Identifier

etd-01162013-060632

Degree

Doctor of Philosophy (PhD)

Department

Engineering Science (Interdepartmental Program)

Document Type

Dissertation

Abstract

Tropical cyclone-generated storm surge frequently causes catastrophic damage in communities along the Gulf of Mexico. The prediction of landfalling or hypothetical storm surge magnitudes in U.S. Gulf Coast regions remains problematic, in part, because of the dearth of historic event parameter data, including accurate records of storm surge magnitude (elevation) at locations along the coast from hurricanes. While detailed historical records exist that describe hurricane tracks, these data have rarely been correlated with the resulting storm surge, limiting our ability to make statistical inferences, which are needed to fully understand the vulnerability of the U.S. Gulf Coast to hurricane-induced storm surge hazards. This dissertation addresses the need for reliable statistical storm surge estimation by proposing a probabilistic geodatabase-assisted methodology to generate a storm surge surface based on hurricane location and intensity parameters on a single desktop computer. The proposed methodology draws from a statistically representative synthetic tropical cyclone dataset to estimate hurricane track patterns and storm surge elevations. The proposed methodology integrates four modules: tropical cyclone genesis, track propagation, storm surge estimation, and a geodatabase. Implementation of the developed methodology will provide a means to study and improve long-term tropical cyclone activity patterns and predictions. Specific contributions are made to the current state of the art through each of the four modules. In the genesis module, improved representative data from historical genesis populations are achieved through implementation of a stratified-Monte-Carlo sampling method to simulate genesis locations for the North Atlantic Basin, avoiding potential non-representative clustering of sampled genesis locations. In the track module, the improved synthetic genesis locations are used as the starting point for a track location and intensity methodology that incorporates storm strength parameters into the synthetic tracks and improves the positional quality of synthetic tracks. In the surge module, high-resolution, computationally intensive storm surge model results are probabilistically integrated in a computationally fast-running platform. In the geodatabase module, historic and synthetic tropical cyclone genesis, track, and surge elevation data are combined for efficient storage and retrieval of storm surge data.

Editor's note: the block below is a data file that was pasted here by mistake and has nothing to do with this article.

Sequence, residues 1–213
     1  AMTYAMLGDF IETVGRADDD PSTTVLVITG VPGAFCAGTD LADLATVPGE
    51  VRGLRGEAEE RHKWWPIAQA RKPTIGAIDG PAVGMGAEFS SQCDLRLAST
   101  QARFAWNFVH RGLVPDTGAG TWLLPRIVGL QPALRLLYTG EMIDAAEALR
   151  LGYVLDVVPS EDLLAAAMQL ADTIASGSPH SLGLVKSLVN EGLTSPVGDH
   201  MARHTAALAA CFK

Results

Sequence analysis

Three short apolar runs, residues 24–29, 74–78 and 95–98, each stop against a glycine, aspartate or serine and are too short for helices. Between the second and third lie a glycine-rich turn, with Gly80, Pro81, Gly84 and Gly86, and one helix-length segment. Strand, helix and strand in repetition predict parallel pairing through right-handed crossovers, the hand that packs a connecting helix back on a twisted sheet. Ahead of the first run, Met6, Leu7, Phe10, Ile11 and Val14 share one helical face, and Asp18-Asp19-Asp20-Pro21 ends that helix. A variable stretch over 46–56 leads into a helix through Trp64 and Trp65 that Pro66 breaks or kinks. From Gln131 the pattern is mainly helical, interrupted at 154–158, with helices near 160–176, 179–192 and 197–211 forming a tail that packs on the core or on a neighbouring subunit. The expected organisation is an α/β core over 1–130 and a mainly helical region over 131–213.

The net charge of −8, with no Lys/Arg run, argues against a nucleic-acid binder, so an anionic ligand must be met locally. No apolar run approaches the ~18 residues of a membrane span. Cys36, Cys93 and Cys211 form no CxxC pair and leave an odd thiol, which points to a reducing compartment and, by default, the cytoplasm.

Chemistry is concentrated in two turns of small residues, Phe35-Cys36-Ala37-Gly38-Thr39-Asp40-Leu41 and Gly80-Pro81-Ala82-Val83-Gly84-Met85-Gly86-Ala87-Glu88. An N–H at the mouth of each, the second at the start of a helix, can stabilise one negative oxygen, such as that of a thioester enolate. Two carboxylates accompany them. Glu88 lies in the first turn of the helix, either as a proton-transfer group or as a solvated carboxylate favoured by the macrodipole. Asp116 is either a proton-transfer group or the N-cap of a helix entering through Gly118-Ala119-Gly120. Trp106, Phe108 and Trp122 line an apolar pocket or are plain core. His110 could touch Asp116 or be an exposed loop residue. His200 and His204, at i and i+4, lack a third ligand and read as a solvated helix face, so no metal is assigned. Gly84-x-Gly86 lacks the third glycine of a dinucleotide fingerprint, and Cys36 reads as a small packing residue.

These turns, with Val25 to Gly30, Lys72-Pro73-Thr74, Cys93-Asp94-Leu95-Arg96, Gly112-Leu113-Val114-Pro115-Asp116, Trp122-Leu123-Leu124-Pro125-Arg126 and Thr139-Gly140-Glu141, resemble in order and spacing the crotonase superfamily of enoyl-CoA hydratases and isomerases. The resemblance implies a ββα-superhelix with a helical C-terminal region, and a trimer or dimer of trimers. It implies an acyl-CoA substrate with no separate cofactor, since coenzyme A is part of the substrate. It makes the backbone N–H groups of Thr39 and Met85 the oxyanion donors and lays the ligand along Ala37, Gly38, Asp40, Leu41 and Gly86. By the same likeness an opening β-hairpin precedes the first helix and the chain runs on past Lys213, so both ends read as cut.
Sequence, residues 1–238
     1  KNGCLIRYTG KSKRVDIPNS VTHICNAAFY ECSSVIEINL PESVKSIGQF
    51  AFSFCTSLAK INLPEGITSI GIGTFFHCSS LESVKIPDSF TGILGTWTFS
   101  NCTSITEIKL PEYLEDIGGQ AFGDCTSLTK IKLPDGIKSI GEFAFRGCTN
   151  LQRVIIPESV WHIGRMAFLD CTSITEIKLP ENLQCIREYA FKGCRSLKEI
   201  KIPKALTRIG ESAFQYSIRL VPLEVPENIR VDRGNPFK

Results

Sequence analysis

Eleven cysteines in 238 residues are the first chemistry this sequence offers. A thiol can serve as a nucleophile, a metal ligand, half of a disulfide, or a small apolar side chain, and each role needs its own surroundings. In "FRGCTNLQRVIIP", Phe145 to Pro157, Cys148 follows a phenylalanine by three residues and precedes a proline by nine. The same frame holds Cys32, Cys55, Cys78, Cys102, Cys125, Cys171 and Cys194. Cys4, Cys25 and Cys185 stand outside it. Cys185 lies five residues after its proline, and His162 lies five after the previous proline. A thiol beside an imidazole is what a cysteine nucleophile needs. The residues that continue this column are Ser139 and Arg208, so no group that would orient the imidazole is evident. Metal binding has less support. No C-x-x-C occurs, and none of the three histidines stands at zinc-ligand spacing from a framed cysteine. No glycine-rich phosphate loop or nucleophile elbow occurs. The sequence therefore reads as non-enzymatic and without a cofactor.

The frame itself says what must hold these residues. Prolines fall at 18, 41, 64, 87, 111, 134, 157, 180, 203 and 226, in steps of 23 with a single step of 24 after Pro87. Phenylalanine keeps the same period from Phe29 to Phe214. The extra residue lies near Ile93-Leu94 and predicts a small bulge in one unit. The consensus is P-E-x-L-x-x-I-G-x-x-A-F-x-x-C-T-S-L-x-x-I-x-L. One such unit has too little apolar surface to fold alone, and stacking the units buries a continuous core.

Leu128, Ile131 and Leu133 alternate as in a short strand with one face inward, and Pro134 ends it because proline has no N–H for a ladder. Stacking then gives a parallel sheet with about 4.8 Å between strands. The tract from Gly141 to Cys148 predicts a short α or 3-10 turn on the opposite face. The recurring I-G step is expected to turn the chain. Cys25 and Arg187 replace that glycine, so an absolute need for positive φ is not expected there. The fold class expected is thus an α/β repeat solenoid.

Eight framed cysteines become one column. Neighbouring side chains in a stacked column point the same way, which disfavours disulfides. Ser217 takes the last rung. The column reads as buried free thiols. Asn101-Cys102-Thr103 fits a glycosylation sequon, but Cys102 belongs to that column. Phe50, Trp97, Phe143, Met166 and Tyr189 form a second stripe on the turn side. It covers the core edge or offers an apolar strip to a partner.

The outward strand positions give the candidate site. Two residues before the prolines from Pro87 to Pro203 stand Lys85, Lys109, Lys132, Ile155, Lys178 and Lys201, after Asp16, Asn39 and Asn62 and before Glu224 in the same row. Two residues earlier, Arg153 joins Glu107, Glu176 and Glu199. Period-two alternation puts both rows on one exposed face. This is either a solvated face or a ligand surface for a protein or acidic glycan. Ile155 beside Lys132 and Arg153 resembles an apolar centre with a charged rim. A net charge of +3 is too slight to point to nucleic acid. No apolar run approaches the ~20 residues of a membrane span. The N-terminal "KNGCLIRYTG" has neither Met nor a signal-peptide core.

Date

2013

Document Availability at the Time of Submission

Release the entire work immediately for access worldwide.

Committee Chair

Friedland, Carol J.

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